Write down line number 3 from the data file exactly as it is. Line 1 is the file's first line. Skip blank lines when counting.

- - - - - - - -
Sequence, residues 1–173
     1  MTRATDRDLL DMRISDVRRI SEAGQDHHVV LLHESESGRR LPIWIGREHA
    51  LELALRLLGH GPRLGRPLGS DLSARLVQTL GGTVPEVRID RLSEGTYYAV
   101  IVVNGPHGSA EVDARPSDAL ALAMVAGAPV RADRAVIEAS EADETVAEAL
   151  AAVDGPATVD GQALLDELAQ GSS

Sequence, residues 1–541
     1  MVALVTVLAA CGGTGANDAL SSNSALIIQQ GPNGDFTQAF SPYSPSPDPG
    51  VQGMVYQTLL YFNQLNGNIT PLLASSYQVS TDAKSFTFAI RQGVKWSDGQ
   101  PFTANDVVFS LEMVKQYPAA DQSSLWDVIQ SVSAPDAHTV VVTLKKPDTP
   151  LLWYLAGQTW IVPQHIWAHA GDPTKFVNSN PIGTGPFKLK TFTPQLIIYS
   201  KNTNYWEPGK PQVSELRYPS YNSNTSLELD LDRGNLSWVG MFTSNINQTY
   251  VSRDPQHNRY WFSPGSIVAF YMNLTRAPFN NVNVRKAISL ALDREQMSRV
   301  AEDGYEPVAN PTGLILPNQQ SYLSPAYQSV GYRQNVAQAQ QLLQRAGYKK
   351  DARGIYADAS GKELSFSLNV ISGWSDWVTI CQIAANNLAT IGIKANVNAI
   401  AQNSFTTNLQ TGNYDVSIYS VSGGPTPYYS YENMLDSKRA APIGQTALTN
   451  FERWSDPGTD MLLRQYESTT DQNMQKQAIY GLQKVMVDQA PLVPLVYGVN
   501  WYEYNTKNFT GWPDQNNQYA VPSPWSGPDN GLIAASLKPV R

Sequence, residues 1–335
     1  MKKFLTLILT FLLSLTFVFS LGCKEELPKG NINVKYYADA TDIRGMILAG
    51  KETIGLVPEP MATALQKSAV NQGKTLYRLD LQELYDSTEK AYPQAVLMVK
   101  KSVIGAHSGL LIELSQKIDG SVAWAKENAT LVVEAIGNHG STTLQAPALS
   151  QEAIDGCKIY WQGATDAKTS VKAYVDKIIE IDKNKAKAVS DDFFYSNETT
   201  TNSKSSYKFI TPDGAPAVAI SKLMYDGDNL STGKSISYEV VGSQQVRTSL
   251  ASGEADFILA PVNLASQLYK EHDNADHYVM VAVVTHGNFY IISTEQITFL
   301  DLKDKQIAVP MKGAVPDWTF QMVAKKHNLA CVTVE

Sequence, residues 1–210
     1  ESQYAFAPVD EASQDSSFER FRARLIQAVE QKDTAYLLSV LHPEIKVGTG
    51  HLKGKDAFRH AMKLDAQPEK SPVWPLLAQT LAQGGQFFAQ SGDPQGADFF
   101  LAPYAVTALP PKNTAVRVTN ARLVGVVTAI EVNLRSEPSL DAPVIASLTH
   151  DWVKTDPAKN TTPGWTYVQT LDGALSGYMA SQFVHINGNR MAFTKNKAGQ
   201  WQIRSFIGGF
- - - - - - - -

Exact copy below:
    51  LELALRLLGH GPRLGRPLGS DLSARLVQTL GGTVPEVRID RLSEGTYYAV